While there are tons of articles about the benefits of CBD, there are few about properly dosing CBD. To make things more confusing, unlike with other supplements, The FDA has not created a Recommended Daily Intake (RDI) for CBD, which means CBD does not have an official serving size.
Because of this, consumers are blindly estimating their dosages based on recommendations from brands and companies they buy their CBD from. Or even worse… friends who are uncertified and claim to be “experts” simply because they use CBD.
“Take one dropper of CBD per day,” is one of the most common dosage recommendations we hear. While this can definitely be a dosage, there’s no way to tell if its the right dosage for the given individual as it doesn’t take into account important factors such as:
The concentration of CBD
The weight of the individual
The individual’s body chemistry
The severity of the condition being treated
With that being said, there isn’t a “one size fits all” dosage, and there will be some trial and error while gauging your proper dosage.
Neuroscientist Nick Jikomes over at Leafly, explains that, as our body’s physiology changes, so do the receptors in our endocannabinoid system, which are directly responsible for interactions with CBD. As a result, optimal CBD dosages will shift throughout an individuals lifetime.
In other words, there isn’t a universal or static CBD dosage…
So how much CBD should you take then? Use these 3 simple tips to find out:
How to Choose Your CBD Dosage
1. Estimate your dosage based on your body weight
As with most substances, individuals with more body mass will require more CBD to experience its effects. With that being said, a good rule of thumb to determine your proper CBD dosage is to take 1-6MG of CBD for every 10 pounds of body weight based on the individuals level of pain.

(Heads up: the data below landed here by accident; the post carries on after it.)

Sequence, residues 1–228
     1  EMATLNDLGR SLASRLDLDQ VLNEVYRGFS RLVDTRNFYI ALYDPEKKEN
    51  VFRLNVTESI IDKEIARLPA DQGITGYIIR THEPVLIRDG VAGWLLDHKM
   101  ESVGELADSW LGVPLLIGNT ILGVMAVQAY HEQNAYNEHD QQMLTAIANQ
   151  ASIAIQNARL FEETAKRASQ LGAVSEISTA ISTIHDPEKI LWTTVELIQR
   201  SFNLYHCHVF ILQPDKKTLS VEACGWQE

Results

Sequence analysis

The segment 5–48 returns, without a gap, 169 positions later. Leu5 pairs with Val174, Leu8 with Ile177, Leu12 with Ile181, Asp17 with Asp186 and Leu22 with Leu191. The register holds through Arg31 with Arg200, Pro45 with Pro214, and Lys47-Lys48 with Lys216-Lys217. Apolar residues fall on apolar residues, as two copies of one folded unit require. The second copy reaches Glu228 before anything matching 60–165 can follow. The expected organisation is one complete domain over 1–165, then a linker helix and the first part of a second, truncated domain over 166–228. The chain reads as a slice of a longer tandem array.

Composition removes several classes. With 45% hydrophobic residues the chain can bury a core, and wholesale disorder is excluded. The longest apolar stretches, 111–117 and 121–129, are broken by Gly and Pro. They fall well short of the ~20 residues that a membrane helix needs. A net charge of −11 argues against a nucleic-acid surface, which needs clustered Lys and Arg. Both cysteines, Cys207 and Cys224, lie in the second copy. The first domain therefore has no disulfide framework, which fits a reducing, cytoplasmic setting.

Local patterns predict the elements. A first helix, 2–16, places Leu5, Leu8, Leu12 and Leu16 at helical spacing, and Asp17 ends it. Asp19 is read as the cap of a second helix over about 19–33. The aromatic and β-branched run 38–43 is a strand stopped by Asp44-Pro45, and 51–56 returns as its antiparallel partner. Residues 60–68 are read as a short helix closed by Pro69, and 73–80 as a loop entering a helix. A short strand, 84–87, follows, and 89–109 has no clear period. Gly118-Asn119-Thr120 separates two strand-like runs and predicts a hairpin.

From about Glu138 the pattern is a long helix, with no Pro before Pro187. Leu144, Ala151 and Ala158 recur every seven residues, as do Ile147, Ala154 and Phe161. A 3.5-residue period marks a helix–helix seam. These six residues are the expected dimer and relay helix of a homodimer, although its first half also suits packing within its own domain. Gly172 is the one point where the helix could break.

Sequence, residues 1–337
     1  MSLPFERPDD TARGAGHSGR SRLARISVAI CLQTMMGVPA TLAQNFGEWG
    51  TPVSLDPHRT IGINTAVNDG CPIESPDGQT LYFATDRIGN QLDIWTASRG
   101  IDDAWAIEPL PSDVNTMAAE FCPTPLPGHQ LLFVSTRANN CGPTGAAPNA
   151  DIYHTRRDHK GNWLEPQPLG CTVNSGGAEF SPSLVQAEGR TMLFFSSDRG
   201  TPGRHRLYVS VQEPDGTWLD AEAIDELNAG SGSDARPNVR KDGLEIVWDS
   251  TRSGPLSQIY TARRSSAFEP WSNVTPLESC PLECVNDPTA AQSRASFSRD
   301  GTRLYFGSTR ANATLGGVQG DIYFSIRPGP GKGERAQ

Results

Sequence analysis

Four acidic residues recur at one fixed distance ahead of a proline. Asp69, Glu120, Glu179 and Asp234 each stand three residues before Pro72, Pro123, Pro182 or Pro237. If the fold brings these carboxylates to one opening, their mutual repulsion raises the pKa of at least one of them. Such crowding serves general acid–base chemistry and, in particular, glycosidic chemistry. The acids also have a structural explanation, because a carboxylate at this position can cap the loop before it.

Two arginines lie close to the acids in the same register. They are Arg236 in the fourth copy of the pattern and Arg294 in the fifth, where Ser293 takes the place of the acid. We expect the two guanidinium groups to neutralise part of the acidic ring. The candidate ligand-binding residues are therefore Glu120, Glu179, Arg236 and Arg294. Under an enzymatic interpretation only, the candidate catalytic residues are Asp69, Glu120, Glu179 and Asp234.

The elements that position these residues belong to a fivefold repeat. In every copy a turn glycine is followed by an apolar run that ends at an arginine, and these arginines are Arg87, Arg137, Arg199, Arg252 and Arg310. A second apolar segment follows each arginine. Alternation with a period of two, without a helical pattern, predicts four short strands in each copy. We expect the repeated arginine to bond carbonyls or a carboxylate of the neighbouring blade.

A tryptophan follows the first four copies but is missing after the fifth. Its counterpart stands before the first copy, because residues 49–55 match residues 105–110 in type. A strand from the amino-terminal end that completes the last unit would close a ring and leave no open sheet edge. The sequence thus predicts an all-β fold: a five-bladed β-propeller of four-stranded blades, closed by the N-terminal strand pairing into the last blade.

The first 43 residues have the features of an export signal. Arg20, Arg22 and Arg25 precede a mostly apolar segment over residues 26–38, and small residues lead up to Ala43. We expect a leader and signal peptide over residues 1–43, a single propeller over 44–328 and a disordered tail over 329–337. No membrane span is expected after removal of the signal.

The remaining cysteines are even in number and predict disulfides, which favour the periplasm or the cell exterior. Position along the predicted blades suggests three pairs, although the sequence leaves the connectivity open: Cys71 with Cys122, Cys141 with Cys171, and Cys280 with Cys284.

For example, 20MG-33MG would be a great starting dosage for a 200lb patient, while 15MG-25MG would be best for another who weighs 150lbs.
For reference, use Honest Marijuana’s Simple Dosage Calculator.
2. Start small and increase gradually
Let’s say you have a friend who weighs no more than 150 pounds and takes 50MG of CBD twice per day, which he claims provides all kinds of benefits. Since you guys are approximately the same weight, he recommends the same dosage for yourself.
Here’s why this isn’t the best way to choose your dosage:
Not only are we all made differently, we each have our own unique history with the use of substances, medications, supplements, and other things we put in our body. Because of this, we all have different body chemistry, and this will affect how our body reacts to CBD. As R.R Noall over at Herb puts it, “what works for your friend, may not work for you.”
With that being said, it is important to first determine your initial dosage based on your weight, gauge how your body reacted to that amount of CBD, then increase gradually while continuing to monitor your body’s reactions till you find the perfect dosage that works for your situation.
3. Consult your physician
When in doubt, consult your physician, especially if you have an existing medical condition. While there aren’t a ton of doctors who have experience with CBD, most doctors should have a good idea on how your body will react to CBD and can provide you a professional CBD dosage for your situation.
You’re Now a CBD Dosage Expert…almost…
So, now that you know how much CBD you should take, we face another important question:
How do you accurately measure your CBD dosage?
Think about it:
How much CBD is there in a single puff off your vaporizer, how much CBD is in a dropper from your CBD tincture?